So now, a week and a half after my old car died, we have a brand new Pontiac Vibe sitting in our garage. The story I’ve told you is definitely the shortened version. There was a lot of headache involved in making a decision. There were countless times where I felt so unsure about which decision was the right one. There were times when I had a bad attitude because of it. This was the first time in my life that I’ve ever had to go through having to buy a car, and I learned a lot.
If you are in the process of looking for a new car, and like me have never been through it before, here is some advice that will hopefully help you before you start. If someone had told me this before we started shopping, things probably would have gone much smoother.
- Before even beginning to go car shopping, figure out how much you can afford. M and I had an idea of what we wanted to spend, but until you actually sit down and crunch the numbers, you are just guessing. Write a list of all of your expenses and add them up. Do the same with your income. Doing this will let you know how much extra money you have to work with each month for a car payment. It’s easy when car shopping to start with a limit and soon find yourself saying “but this one is only $2000 more”. If you start with a definite plan, you are more likely to stick with it.
- Discuss with your spouse who will be doing most of the dealing, and how it will be done. M and I hit a major road block here. I was expecting M to handle most of the dealing, and I think he expected me to do some as well. There was one time in particular where we were looking at a car we were interested in. I was waiting for M to start talking price, while M was waiting for me to. We ended up leaving without ever discussing it with the salesperson, and the whole way home we were both in bad moods because of it. Tell each other your expectations before you even start, and your dealing will be much more pleasant.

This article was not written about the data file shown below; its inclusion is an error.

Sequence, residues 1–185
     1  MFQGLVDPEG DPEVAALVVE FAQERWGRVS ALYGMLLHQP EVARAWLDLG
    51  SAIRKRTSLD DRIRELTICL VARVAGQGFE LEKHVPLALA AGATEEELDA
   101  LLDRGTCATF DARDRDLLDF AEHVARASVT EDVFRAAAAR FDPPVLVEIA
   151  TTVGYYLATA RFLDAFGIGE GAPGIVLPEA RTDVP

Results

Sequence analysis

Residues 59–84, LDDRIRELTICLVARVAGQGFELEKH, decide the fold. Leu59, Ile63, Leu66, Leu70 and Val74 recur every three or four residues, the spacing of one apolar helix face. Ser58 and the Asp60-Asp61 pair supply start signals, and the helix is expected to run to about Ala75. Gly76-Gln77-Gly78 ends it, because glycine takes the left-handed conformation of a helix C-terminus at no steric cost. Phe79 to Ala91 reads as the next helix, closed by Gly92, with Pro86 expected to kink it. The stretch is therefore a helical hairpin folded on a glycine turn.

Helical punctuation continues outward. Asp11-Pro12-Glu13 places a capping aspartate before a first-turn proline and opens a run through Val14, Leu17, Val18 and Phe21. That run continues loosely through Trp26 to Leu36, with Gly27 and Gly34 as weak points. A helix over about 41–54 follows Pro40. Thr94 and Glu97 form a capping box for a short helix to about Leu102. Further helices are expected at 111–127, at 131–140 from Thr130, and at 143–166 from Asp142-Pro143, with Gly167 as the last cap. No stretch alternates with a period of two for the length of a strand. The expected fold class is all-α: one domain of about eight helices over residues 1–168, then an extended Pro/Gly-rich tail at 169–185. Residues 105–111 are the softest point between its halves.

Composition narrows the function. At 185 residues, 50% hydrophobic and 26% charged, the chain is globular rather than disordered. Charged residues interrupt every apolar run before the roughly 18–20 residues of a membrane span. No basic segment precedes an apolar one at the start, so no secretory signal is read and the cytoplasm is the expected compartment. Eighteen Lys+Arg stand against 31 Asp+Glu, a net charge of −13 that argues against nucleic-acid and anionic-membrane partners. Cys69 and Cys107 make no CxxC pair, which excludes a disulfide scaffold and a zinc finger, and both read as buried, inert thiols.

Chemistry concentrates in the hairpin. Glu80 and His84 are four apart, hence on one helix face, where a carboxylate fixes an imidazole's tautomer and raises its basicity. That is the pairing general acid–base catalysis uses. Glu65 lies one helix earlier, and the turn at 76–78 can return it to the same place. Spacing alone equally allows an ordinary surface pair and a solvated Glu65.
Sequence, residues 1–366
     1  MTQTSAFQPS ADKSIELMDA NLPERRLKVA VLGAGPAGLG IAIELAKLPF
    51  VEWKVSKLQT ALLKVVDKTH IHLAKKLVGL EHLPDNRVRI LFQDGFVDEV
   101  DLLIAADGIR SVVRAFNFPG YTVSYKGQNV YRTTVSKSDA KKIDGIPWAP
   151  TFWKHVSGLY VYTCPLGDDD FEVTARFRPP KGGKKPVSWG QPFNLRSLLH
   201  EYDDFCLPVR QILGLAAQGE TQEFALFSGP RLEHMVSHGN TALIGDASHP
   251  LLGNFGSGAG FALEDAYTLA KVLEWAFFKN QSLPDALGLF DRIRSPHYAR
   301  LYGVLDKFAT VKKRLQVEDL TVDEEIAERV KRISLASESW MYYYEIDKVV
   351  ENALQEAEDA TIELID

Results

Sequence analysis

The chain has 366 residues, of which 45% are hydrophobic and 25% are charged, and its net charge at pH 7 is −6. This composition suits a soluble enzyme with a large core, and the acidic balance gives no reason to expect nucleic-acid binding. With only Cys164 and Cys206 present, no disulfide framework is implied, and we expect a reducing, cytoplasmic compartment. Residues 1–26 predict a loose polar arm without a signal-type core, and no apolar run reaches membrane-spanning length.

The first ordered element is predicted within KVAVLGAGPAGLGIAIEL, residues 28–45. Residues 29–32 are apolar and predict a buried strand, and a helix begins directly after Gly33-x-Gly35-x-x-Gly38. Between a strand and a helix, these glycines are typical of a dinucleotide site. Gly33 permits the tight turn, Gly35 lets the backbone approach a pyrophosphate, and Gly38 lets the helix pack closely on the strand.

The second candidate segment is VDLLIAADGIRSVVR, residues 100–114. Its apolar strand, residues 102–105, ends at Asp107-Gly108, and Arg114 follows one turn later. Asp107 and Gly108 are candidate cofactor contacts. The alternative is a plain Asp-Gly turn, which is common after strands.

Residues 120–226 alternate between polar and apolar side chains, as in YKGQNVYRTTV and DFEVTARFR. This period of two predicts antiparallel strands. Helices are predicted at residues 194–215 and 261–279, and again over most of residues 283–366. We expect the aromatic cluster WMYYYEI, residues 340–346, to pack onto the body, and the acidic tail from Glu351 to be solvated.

- Explore all options. When M and I started looking at cars, we thought buying new wasn’t a possibility. But by chance we found that the monthly payments and total interest paid between the new and used were nearly the same. We now have a perfect new car with 14 miles on it instead of a scratched used car with 44,000 miles for a difference of only $20 in monthly payments. Not only explore new versus used, but also kinds of vehicles you thought you might now even like. When the Vibe first came out, I thought they were ugly. M, however, liked them right away. Over time, I started to like them more, especially after seeing all of the possibilities for use. And when we started looking to buy, and actually test drove one, I was completely sold on it. So don’t pass anything by. You’re looking to spend a lot of money, and its a big commitment. Make sure you are going to be happy with your decision.
- Pray about it. I believe that God wants you to make the right decision, even when it comes to picking out a car. He will direct you while you’re looking. Be listening for that still, small voice. God cares about the small stuff too. M and I prayed every day over our car situation, and I believe it’s because of God that we were able to purchase a new car. So don’t forget to pray!
Hopefully with this advice, your shopping experience will go a little smoother than ours did at first.
Update: I submitted this to ProBlogger’s: Lists – Group Writing Project. Check it out. I thought B had a great list of car buying tips. -M